by Johnny Connelly
12 years, 8 months, and 29 days had elapsed since Scotland last took to the field against our auldest of enemies on the football field; but when the players lined up, the national anthems boomed out, and the kick-off finally arrived, the excitement and passion around the match was so overwhelming that it was hard to imagine how the sides had ever been kept apart.
An explosion of energy right from the word go was a welcome change for the long-suffering Tartan Army. Gordon Strachan’s side, psychologically charged by the deafening noise from the 30,000 travelling supporters, the players lay siege to the England side, battling far harder than we’ve been used to seeing in recent years. It was always going to be an uphill battle, and nobody in the football world gave Scotland a hope against the highly ranked England, yet the Scots managed to take the lead on two occasions, before eventually succumbing to a 3-2 defeat.
Both the euphoria of putting the ball past Joe Hart twice; and the agony of watching Ricky Lambert’s bullet header crash into the top corner leaves the Scotland fans with a gaping hole to fill, a hole that can only be filled by the promise of another chance to take on England again in the near future.
The powers that be surely must see the light and put this fixture back into the diaries of both FAs on a regular basis.
The positives we can draw from having an annual or bi-annual match against England are too great to ignore. Speaking on Peter & Roughie’s Football Showlast week, former Scotland ‘keeper Alan Rough stressed the importance of the annual Scotland v England fixture back in his day: “It gave the players something to aim for. Everyone wanted to play in that game.”
Roughie’s point is an excellent one. In a time where we’ve seen players ‘retiring’ from international football, withdrawing from the squad with debatable injuries, and at times showing apathy towards the prospect their own involvement in the Scotland setup, a focal point such as the prospect of getting a crack at England on a regular basis could be enough to get them interested in Scotland again.
Scotland lost the talents of Kris Boyd, Barry Ferguson, Kris Commons, and Steven Fletcher (albeit temporarily) prematurely for a variety of reasons. The disappointment of not reaching major finals may have led some players to feel as though representing Scotland in lower profile matches and friendlies is somewhat meaningless. With no focal point to aim for, it’s understandable to see how this mentality could creep in. The psychology of a player can be a difficult thing to unravel. We’ve seen it 100 times before in the domestic side of the game: players will continue to fight hard and produce top performances in league matches that would be otherwise meaningless, if the club still have a cup final scheduled to take part in later in the season.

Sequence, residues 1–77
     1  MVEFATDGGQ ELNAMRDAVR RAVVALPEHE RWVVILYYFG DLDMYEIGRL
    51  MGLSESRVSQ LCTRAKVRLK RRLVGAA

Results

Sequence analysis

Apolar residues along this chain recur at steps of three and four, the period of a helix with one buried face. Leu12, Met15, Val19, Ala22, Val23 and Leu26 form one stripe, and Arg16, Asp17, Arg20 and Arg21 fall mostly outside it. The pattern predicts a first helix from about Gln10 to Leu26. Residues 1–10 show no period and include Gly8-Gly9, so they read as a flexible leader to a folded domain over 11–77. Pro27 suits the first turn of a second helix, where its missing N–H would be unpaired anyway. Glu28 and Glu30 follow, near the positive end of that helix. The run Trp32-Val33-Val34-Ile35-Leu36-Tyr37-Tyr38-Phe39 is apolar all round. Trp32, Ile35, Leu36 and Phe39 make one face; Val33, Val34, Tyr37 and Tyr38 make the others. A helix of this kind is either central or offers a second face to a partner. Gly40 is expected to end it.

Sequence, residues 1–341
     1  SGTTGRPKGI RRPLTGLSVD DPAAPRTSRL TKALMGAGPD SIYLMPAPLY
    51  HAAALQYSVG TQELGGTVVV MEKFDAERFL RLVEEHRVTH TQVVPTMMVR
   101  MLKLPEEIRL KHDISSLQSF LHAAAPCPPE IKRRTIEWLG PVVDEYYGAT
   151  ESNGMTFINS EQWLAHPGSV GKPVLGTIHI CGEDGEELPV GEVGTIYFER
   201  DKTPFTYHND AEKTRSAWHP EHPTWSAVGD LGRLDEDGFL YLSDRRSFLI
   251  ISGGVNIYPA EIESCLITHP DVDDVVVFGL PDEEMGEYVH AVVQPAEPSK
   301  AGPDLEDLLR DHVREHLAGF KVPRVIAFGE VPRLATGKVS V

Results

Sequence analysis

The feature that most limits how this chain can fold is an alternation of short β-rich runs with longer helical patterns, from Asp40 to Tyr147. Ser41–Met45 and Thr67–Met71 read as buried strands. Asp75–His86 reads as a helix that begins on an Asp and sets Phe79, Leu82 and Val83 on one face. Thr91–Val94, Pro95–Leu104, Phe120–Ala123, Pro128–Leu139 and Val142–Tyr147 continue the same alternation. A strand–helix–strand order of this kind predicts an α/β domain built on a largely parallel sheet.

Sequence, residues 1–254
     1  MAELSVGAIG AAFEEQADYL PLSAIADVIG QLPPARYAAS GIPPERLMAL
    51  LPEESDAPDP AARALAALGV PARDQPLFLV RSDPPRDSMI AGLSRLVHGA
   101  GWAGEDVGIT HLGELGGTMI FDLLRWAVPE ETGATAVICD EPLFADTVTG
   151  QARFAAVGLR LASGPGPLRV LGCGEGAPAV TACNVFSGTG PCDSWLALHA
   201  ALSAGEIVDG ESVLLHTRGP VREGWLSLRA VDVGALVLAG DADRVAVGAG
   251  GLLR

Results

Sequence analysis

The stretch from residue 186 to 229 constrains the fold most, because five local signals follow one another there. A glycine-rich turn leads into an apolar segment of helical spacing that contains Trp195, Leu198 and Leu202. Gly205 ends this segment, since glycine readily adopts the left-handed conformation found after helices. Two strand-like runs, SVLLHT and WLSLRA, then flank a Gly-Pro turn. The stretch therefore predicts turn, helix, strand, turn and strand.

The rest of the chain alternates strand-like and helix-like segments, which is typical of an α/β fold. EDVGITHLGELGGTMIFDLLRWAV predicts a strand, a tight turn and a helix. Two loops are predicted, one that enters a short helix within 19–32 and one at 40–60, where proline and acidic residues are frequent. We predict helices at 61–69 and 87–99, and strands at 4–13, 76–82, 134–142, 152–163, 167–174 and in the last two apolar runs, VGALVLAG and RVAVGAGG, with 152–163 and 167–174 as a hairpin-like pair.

A match against England every year or two could be our cup final.
It’s nothing short of scandalous that England and Scotland have been kept apart for so long, and it’s a minor miracle that they’ve never drawn each other in the qualifying groups for World Cups or European Championships. Celtic captain Scott Brown donned the captain’s armband for his country against England, but had he been injured or unavailable, a player like Brown may never have played against his country’s greatest rivals. Brown was just 14 when Scotland played England in 1999, surely it’s only right that the best players we produce get to showcase their skills in what is the biggest grudge match possible for the country? Can you imagine Manchester United never playing Manchester City again? Or Barcelona and Real Madrid waiting 14 years for another ‘El Classico’? Everyone in football would be worse off for it.